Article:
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Uber Settles with FTC Over Claims of Misrepresentation of Privacy and Data Security Practices

By: Connor Breza

August 15th, 2017


Concluding its investigation, the FTC reached an agreement with Uber Technologies, Inc., settling charges that Uber, the popular ride share app, “deceived consumers by failing to monitor employee access to consumer personal information and by failing to reasonably secure sensitive consumer data stored in the cloud.” According to the FTC’s press release, as stipulated by the terms of the settlement, “Uber has agreed to implement a comprehensive privacy program and obtain regular, independent audits.”

The Complaint alleged that Uber made false or misleading statements “that internal access to consumers’ personal information is closely monitored and audited by data security specialists on an ongoing basis” and that “it would provide reasonable security for customers’ personal information stored in databases.” The complaint further alleges that “The acts and practices of [Uber] as alleged in this complaint constitute unfair or deceptive acts or practices in or affecting commerce in violation of Section 5(a) of the Federal Trade Commission Act, 15 U.S.C. § 45(a).”


According to FTC Acting Chairman Maureen K. Ohlhausen, ¨Uber failed its consumers in two key ways: “First by misrepresenting the extent to which it monitored its employees’ access to personal information about users and drivers, and second by misrepresenting that it took reasonable steps to secure that data.” The Acting Chairman elaborated, stating that, “[t]his case shows that, even if you’re a fast growing company, you can’t leave consumers behind: you must honor your privacy and security promises.”


The charges against Uber stem from representations it made in November of 2014, following public allegations of “improper access of consumer personal information and, including geolocation data,” assuring that the company had a policy of “prohibiting all employees at every level from accessing a rider or driver’s data.” Uber’s November 18th, 2014 press release further assured consumers that “access to rider and driver accounts is being closely monitored and audited by data security specialists on an ongoing basis.” The complaint indicates that by August of 2015, the steps Uber claimed to have initiated to correct these problems were not being continued appropriately.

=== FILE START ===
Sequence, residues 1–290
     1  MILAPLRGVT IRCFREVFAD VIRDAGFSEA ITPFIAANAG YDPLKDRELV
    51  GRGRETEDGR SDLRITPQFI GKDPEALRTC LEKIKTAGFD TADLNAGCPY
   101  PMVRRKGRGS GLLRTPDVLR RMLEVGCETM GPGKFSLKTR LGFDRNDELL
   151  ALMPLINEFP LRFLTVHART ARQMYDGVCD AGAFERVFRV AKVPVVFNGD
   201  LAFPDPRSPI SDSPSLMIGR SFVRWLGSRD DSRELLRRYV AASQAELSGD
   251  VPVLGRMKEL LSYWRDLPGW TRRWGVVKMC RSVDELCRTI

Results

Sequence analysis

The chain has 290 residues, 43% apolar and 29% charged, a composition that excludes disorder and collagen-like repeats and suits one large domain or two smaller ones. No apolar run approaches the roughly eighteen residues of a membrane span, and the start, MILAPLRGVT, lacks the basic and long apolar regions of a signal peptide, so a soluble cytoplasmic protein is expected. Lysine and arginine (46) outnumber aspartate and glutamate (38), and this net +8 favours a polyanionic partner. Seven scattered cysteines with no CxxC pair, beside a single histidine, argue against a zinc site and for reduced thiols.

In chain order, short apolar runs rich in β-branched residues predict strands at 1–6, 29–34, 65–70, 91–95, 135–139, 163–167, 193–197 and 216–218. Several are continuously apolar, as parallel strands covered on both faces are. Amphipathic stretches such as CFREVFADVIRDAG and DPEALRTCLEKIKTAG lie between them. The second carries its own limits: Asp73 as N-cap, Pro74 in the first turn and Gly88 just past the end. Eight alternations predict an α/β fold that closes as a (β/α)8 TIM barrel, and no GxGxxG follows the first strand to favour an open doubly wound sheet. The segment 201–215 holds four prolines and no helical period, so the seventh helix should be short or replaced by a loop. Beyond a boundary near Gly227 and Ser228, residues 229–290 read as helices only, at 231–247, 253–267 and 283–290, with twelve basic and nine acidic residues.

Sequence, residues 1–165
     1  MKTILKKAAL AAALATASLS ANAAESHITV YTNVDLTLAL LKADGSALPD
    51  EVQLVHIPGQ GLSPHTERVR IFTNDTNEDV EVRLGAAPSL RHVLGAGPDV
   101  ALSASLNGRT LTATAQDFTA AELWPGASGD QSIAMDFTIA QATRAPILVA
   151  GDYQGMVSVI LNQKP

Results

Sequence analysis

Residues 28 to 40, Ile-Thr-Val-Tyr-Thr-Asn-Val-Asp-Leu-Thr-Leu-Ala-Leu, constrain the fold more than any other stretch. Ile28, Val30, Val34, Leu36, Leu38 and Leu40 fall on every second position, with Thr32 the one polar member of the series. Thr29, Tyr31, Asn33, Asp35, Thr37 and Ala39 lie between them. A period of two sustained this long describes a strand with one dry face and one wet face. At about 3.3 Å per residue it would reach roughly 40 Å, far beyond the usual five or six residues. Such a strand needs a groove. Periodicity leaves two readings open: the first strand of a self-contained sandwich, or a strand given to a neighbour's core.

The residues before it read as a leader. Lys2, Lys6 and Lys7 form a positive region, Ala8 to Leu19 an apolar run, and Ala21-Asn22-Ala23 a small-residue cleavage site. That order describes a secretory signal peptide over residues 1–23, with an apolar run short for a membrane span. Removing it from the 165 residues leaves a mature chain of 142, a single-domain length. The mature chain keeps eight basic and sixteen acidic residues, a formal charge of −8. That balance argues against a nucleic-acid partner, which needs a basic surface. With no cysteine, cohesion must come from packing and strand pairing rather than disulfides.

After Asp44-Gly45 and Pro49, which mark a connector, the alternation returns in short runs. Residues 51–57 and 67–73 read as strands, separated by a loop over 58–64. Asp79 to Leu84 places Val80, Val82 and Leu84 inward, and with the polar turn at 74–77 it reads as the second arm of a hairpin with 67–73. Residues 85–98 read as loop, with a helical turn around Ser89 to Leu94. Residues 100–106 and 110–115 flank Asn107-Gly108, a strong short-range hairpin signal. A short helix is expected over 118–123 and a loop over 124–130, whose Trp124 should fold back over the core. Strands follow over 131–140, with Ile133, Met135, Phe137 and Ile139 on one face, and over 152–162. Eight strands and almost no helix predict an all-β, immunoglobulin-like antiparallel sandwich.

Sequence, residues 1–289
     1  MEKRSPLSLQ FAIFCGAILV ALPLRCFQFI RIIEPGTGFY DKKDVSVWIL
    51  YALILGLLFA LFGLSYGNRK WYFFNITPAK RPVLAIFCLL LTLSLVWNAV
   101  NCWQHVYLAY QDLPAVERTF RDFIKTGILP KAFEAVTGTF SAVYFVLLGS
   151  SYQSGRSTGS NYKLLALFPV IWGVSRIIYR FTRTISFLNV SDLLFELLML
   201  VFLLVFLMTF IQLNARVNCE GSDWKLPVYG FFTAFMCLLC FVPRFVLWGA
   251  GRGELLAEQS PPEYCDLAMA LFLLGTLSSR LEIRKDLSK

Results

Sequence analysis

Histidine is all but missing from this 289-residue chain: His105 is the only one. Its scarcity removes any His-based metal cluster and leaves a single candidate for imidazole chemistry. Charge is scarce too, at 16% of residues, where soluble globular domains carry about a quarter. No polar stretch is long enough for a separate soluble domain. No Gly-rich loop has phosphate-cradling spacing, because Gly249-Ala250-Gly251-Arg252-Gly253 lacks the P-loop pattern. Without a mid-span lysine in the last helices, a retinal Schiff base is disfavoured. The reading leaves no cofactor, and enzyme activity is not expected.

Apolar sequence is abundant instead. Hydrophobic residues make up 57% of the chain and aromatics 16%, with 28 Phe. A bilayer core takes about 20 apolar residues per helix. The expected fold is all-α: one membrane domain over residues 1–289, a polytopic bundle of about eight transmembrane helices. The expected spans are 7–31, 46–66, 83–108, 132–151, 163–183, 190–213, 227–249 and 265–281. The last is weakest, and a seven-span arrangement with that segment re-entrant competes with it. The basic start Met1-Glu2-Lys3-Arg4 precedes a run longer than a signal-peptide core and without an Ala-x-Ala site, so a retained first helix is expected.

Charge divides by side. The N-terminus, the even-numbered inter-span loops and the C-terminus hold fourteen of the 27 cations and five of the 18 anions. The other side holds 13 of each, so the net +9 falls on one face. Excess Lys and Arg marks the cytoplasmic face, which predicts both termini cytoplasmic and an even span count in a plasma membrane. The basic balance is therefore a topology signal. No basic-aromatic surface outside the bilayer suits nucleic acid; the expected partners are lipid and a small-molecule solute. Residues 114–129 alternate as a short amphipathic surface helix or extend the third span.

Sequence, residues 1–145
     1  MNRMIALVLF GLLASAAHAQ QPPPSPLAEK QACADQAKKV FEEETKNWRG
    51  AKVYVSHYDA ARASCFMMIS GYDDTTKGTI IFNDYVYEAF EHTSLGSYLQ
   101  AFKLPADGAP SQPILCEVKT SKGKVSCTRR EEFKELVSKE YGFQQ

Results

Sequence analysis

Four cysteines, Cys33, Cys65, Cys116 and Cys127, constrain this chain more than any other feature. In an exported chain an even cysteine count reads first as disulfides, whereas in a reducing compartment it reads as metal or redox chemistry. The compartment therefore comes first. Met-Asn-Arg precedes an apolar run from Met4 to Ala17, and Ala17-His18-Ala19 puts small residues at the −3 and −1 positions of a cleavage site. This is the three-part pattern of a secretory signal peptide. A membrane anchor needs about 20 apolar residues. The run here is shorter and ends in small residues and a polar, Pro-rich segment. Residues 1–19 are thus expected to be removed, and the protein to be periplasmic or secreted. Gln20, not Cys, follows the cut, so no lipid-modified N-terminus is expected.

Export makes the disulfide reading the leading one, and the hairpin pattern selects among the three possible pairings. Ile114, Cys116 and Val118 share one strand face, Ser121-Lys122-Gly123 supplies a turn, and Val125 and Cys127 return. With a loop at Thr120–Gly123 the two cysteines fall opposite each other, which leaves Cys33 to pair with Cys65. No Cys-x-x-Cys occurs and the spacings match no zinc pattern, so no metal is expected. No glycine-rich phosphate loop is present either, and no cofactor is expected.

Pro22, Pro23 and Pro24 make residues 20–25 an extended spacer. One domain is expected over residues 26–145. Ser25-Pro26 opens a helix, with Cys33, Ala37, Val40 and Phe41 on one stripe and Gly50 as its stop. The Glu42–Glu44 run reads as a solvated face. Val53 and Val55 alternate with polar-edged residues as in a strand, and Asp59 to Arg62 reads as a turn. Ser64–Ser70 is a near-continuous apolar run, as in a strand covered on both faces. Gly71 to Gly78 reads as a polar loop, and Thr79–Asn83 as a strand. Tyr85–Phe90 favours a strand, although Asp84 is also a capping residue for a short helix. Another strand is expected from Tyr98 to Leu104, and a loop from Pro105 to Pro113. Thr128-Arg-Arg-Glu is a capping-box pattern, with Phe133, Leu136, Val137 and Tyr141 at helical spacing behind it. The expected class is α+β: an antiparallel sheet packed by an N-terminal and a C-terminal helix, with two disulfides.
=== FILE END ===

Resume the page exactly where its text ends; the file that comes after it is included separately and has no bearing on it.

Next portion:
The FTC complaint further alleges that Uber failed to reasonably secure data stored within its databases and as a result, there was a data breach in May of 2014 in which “an intruder accessed personal information about Uber drivers… including more than 100,000 names and driver’s license numbers that Uber stored in a datastore operated by Amazon Web Services.” The FTC alleges that “Uber did not take reasonable, low cost measures that could have helped the company prevent the breach.” The FTC provided the example that “Uber did not require engineers and programmers to use distinct access keys to access personal information stored in the cloud” allowing them to “use a single key that gave them full administrative access to all the data, and did not require multi-factor authentication for accessing the data.” Additionally, the FTC explained that the company stored sensitive consumer information “in plain readable text in database back-ups stored in the cloud.”


The terms of Uber’s agreement with the FTC stipulate that Uber is: 1. Prohibited from misrepresenting how it monitors internal access to consumers’ personal information; 2. Prohibited from misrepresenting how it protects and secures that data; 3. Required to implement a comprehensive privacy program that addresses privacy risks related to new and existing products and services and protects the privacy and confidentiality of personal information collected by the company; and 4. Required to obtain within 180 days, and every two years after that for the next 20 years, independent, third-party audits certifying that it has a privacy program in place that meets or exceeds the requirements of the FTC order.


The FTC will decide whether to make the proposed order final after 30 days, during which period the related documents will be on public record and available for public comment.

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